Exploring the Life of a World War I Laboratory Assistant
To be honest, before I started my internship here at the Museum and Archives, I hadn’t spent much time exploring Lennox and Addington County. Despite having boarded the ferry across to Adolphustown countless times and taken that scenic drive along Bath Road, I had never really paused to take in the beauty and history that Lennox and Addington has to offer.
I started my internship in the first few months of the pandemic, an event which quickly encouraged many of us to slow down, unplug, and appreciate the world around us. In my time here, I’ve gotten to know the quiet grounds of the county courthouse, admired the church architecture along Bridge St. and the grand facades of century homes in downtown Napanee. I’ve stopped in Bath for a lakeside picnic, even taken a road trip along County Road 41 to put my canoe in at Bon Echo Park for the first time. My most recent L&A journey was to Amherst Island, and the person who led me there was Gertrude Preston.
As an Archives Assistant, processing collections is my main game. Having previously worked with the PastPerfect database and studied archival theory, I had an idea of what I was in for, technically speaking. However, I didn’t anticipate the emotional aspect of processing a fonds from start to finish. You really get to know the stories of the people in the collection, and, in a way, they become like old friends. I’ve spent the last several weeks processing the Gertrude Preston fonds, which includes a unique photograph album of Gertrude’s time in Vichy, France in the last days of World War I while she was stationed at Base Hospital No. 19, as well as photographs taken after the war, as she and her coworkers explored the coastal towns and small islands along the French Riviera.
Gertrude was born on Amherst Island on August 30, 1891 to her parents William and Mary Preston (nee Patterson), who had a homestead in Stella, Ontario. Gertrude’s mother died of pneumonia in 1893, leaving Gertrude to be raised in part by her grandparents James and Margaret Patterson (nee Neilson). Gertrude’s life is a bit of a mystery, but we do know that she was a nurse who completed her training in the U.S. in 1915, and that she joined the U.S. Army during World War I, not as a nurse, but as a laboratory assistant. In the lab at Base Hospital 19, Gertrude would have processed samples and recorded test results, among other things, to ensure that military soldiers, nurses, and staff remained healthy.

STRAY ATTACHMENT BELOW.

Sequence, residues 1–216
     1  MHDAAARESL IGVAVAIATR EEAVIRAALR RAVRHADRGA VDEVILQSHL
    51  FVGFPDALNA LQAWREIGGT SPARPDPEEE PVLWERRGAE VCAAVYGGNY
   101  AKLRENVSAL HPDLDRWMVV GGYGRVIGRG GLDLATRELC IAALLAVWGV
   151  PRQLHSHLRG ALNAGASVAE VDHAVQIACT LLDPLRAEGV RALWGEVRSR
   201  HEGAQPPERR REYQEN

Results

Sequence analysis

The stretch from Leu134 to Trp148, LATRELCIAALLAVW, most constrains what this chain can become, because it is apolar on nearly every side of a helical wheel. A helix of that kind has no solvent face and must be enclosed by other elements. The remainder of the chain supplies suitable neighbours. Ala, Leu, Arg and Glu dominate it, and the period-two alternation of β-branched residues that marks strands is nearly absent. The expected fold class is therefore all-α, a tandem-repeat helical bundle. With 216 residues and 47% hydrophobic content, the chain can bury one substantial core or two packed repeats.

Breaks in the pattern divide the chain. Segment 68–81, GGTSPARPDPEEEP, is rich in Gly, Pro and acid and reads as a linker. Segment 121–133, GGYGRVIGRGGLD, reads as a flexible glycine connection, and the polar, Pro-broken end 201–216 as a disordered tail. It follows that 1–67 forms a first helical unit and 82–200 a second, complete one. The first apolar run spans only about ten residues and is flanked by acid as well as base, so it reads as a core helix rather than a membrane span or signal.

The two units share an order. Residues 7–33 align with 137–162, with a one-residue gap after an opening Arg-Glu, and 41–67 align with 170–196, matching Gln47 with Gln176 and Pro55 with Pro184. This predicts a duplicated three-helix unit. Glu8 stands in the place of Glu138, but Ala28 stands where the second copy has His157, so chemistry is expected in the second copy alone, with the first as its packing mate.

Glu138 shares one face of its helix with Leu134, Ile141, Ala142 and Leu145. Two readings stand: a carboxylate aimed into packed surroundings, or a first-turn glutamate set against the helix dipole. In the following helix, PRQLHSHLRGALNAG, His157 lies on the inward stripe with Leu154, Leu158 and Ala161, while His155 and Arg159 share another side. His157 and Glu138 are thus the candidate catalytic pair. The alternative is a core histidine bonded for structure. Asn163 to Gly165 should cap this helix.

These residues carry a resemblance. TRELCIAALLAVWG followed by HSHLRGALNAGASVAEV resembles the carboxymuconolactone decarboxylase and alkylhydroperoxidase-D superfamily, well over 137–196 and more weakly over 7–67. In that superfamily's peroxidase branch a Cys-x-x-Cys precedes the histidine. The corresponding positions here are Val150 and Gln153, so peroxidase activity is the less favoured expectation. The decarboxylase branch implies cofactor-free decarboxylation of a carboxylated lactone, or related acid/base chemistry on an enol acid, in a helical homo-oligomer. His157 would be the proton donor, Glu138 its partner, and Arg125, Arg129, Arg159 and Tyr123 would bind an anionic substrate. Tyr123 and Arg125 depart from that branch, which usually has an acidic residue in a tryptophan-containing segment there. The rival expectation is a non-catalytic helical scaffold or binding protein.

It is unclear how Gertrude ended up in New York State, enlisting with the U.S. Army, and travelling across the ocean on a massive steamship called the Baltic on June 4th 1918. Perhaps Gertrude sailed from the U.S. because there was greater opportunity to serve in the war effort from there, or perhaps she was always a traveller at heart. Gertrude took her passage home from Brest, France on March 4th 1919, settling for a while in Clifton Springs, New York, where she worked as a sanitarium nurse. Gertrude lived in the U.S. for several years, perhaps decades, bouncing from New York, to Ohio, to Florida, until returning to Ontario sometime before 1949, continuing to practice as a nurse until retirement. Somewhere in that time, she put together this vivid collection of photographs that tell of her experience during the war and the elation and hope that sprung at the war’s end. All of these photographs are now described and digitized, accessible online in our PastPerfect database!
The Gertrude Preston collection is special because, although it does not explicitly highlight Lennox and Addington County, it serves as an example of the exterior lives of those with roots in the County. Gertrude’s worldview dictated what she photographed, and having grown up in L&A County I like to think that when Gertrude looked out from the harbour at Cannes in 1918, she thought about home and the view from Amherst Island out onto Lake Ontario. After all my research into her life, one thing about Gertrude’s story that I am absolutely certain of is that the memories carried in her photographs will continue to be cherished by future generations of the L&A community.